When you walk into the main office of the Department of Aerospace Engineering, the first person you see will probably be Marti Steelman. And don’t worry about asking her that tough question. She’ll probably be able to answer it. Though relatively new to Aerospace Engineering, she’s been around the block a few times at Iowa State. 35 years’ worth of navigation. And she’s not putting the roller skates away anytime soon. She can point any student in the right direction for a classroom, answer university policy questions from co-workers, talk about working with Iowa State coaches and tell you about how a returned phone call convinced a prospective graduate student to come to Iowa State.
Steelman, who works as a Secretary II in Aerospace Engineering, was honored for 35 years of service to ISU at a banquet hosted by the 25 Year Club, part of the university’s Extension and Outreach. The group salutes Iowa State employees for 25, 35, 45 and 50 years of work at the university.
She’s functioned as a merit secretary for her entire career, which has spanned many offices and departments at Iowa State. Here’s the resume:
- Department of Agronomy, graduate program secretary, 1983-1996
- Department of Athletics, secretary to the director of camps, to the wrestling, gymnastics and women’s tennis coaches, and to the director of compliance, 1996-97
- Department of Mechanical Engineering, graduate program secretary, worked with associate chair on teaching schedules and course evaluations, 1997-2008
- Department of Anthropology, “where I was the only person in a small department, so I did everything myself for undergrads and grad students,” 2008-09 academic year
- College of Design, where she worked for the departments of Community and Regional Planning and Landscape Architecture, 2009-10 academic year
- Natural Resource Ecology and Management (NREM), undergraduate program secretary, 2010-17
- Department of Aerospace Engineering, 2017-present
In her 35 years at ISU Marti has seen a great deal of change in a great deal of areas, not the least of which is in technology: “I’ve gone from electric typewriters, to memory typewriters, to fax machines, to computers with eight-inch floppy disks to dot matrix printers, to the computers we have now,” she says. “I was once sent to a special class in Des Moines to learn how to troubleshoot eight-inch floppy disks. They crashed a lot!” But beyond floppy disks, she has been involved in some major computer-related tasks over the years. “I have built databases from the ground up,” she will proudly tell you. “That was one of the most fun things I’ve done.”
In Aerospace Engineering, Marti’s position description is written so she is able to do nearly any task the department needs. Much of her time is spent working on thank you communication to donors, scheduling appointments for interim chair Alric Rothmayer, assisting students with shipping of design projects, processing purchasing card transactions, making hotel reservations for visitors, coordinating meetings with the department’s Industry Advisory Council and coordinating graduating senior events.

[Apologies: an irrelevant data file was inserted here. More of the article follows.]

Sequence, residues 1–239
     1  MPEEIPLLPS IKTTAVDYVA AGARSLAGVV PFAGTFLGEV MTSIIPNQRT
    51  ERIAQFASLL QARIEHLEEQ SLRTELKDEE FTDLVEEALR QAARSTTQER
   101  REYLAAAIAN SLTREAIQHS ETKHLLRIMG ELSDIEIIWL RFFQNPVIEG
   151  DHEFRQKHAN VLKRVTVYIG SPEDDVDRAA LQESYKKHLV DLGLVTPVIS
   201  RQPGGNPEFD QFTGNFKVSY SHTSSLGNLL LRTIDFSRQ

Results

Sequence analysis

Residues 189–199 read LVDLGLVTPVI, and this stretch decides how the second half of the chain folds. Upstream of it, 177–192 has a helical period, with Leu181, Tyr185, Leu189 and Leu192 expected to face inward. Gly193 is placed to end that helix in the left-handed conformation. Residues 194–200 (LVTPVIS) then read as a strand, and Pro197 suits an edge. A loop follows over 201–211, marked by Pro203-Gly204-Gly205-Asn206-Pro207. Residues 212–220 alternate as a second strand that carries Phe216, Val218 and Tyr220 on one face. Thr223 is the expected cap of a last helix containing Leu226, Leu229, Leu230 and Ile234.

“At one time in offices, everything was paper and telephones – no electronics, Marti says. “And I prided myself on being good with the phone. Once when I was in Agronomy a graduate student told me when he was looking at grad schools he had called our department and left a message asking for information. He then turned to his wife and said, ‘I’ll bet they never call back.’ Within a few minutes he got a call back from me asking how I could help him. After he became a student here he told me that returned phone call from me is what convinced him he should come to Iowa State. He said many other schools never bothered to call back.”
That concern for students has earned her recognition. “In NREM, we had a very diverse group of students, and many were from Puerto Rico. One of them nominated me for a diversity award and I got it. When I was in the College of Engineering the first time I received a merit award for service to students,” she says. But for Marti, working with students is not about awards: “I love having the teachable moments with students. They’ll say ‘I need help with my financial aid.’ So I’ll say, ‘Well, let’s try having you work with the Financial Aid office.’ Other times, students will want to share something going on in their lives that they don’t want to talk about with a faculty member or an adviser. I’m here to be a good listener.”
But she says the most rewarding student interactions and observations are the ones “where the light bulb comes on.” “It’s so interesting to watch the transformation that sometimes happens with freshmen. They come to Iowa State maybe not convinced that they should even be here, let alone what they should do with their life. But then at some point, you see the light bulb come on, and then it’s a matter of ‘not only do I belong here, but I know now what I want to do – and I’d better make sure I get the grades to make that happen.’”
“I want students to be as excited when they graduate as they were when they came in.”